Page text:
http://www.techinfo.bindingfreedom.com/uploads/dynafit_radical_paper_template_R2.pdf

  35. M.Ar. November 28th, 2012 1:34 pm

    Q about mounting: I just purchased some new Skis and had Dynafit Speeds mounted on them. At home, I recognized that the position of the toe pieces differs about 2 – 3mm (lengthwise) on the left and right ski. So, what should I do now? Should I bring them back? Or am I too anal about it? I know 3 mm is not that much, but a bad mount on a brand new package for 830 bucks really pisses me off! Could I get an advice from the wise community please?
    Thanks!

  36. Greg Louie November 28th, 2012 5:49 pm

    Chances are the skis are not identical either. Is the heel gap set correctly on both bindings? If so, take the ski with the bindings mounted further forward and grind 2mm off the tail bumper . . .

  37. John Gloor November 28th, 2012 5:53 pm

    I would not go in asking for new boards for that small of an error, but others would. I really do no know if you can even notice the difference. Are you measuring from some pre-printed topsheet mark, or from a measured point from a tip or tail? I personally measure all my skis and do not trust the manufacture’s markings. Maybe negotiate a couple of free tunes or something if you cannot let go of it, but definitely bring it to their attention.

  38. Tyler Beck January 31st, 2013 10:49 am

    Hey Lou,
    Would you use a 5/32 drill bit for all mounts Dynafit (old pozi and new torx) and Sportiva bindings? The screws seem to vary a tiny bit so curious if there is a rule of thumb of how much bigger your threads should be than the drill bit.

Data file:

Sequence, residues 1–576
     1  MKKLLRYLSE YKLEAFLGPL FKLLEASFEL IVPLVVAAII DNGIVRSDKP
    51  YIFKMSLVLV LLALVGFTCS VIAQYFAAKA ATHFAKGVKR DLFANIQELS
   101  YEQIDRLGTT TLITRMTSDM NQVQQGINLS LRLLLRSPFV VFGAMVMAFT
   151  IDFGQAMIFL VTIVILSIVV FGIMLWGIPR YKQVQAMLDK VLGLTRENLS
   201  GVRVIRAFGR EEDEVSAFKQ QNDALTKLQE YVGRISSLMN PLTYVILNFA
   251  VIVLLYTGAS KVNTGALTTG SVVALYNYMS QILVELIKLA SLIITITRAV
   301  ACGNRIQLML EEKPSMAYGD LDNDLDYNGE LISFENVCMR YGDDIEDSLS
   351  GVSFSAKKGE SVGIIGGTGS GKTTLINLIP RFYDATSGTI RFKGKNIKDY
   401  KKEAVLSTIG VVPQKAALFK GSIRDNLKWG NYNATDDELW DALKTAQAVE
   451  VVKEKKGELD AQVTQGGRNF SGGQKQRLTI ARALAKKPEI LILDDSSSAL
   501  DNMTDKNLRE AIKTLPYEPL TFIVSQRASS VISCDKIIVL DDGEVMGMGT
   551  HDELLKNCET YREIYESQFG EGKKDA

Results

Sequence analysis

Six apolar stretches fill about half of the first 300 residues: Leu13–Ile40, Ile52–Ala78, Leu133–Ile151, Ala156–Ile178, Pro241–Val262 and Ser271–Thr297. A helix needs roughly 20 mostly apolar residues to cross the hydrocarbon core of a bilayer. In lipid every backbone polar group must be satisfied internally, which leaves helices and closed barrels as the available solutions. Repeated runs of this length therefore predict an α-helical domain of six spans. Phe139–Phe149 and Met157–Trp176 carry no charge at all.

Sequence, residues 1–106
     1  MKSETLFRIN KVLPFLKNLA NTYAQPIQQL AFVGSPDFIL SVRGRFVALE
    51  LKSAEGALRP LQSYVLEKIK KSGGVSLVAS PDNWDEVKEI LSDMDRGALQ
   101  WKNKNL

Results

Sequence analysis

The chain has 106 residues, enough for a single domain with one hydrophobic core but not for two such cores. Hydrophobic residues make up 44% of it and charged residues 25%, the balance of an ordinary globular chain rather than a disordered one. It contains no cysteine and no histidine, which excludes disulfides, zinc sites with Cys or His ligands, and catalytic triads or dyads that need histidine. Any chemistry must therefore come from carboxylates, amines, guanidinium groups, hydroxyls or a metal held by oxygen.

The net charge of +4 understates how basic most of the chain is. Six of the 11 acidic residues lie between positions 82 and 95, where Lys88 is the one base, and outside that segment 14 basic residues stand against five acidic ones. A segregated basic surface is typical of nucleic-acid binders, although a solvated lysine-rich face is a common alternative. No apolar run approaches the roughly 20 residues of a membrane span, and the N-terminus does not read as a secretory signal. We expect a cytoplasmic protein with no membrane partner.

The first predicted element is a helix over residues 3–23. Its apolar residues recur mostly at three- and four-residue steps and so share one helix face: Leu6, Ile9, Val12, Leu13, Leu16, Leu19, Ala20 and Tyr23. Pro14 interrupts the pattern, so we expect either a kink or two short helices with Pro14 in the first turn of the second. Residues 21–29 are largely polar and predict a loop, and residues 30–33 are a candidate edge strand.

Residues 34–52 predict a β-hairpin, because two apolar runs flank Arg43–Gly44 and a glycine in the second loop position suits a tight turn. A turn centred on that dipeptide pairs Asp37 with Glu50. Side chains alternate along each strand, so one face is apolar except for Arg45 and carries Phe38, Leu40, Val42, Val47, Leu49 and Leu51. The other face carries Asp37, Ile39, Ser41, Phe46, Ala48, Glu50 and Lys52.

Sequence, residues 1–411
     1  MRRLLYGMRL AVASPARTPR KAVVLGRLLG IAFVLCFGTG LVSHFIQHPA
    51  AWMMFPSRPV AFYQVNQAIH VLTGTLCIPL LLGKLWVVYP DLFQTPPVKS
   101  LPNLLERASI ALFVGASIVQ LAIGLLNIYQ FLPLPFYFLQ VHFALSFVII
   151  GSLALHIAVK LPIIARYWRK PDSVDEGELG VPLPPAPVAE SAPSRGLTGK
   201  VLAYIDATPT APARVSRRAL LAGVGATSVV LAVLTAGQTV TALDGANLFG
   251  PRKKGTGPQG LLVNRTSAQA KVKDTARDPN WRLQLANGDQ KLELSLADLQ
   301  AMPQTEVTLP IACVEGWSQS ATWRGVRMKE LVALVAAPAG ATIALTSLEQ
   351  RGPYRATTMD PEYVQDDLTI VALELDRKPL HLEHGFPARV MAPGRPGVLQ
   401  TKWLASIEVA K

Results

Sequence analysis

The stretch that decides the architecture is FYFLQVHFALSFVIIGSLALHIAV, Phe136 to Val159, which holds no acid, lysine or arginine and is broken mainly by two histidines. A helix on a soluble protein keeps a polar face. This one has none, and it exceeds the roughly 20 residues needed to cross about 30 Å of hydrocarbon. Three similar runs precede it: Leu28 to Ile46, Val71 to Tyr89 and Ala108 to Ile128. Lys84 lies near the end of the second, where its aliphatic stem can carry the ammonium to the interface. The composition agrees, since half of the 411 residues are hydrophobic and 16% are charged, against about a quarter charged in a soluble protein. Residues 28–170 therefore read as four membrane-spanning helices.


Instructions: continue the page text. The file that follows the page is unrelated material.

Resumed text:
To the same point, do you like the fancy ski bits with steps? Lot more options there. 4mmx9 and so forth….
    Thanks!

  39. Mark McIntyre April 6th, 2013 12:45 pm

    I am trying to figure out if I am dumb or somehow ended up with two defective pairs of Dynafit skis. Here’s the story:

    End of season time so I buy the wife a pair of Womens Manaslu 161 and a pair of Radical ST bindings. I get the bug myself and buy a pair of Stokes and a pair of Radical FT bindings.

    I get tired of stepping over them in the entry way hall and I decide to mount both pairs this morning. I get her first ski done (the right ski if you look at the graphics) and go to mount the using the same set of holes in the insert plate but no! The hole pattern on the left ski toe is off (toward the center of the ski) by one cm and I have to use the outside set of four holes to mount the binding in the same position as the right. You can even see a small set of drill points where the correctly located holes should have been. I am thinking I have a bad pair of skis but I figure that if everything mounts up correctly using different holes – oh well.

    Then I go to mount my Stokes. Right ski first, everything is fine and then here comes the left ski and sure enough EXACTLY the the same situation.

    So is this:
    1. Just a crazy bad incidence of poor Austrian workmanship
    2. A wild quiwinky-dink
    3. Completely intentional and the reason for this eludes my simple mind?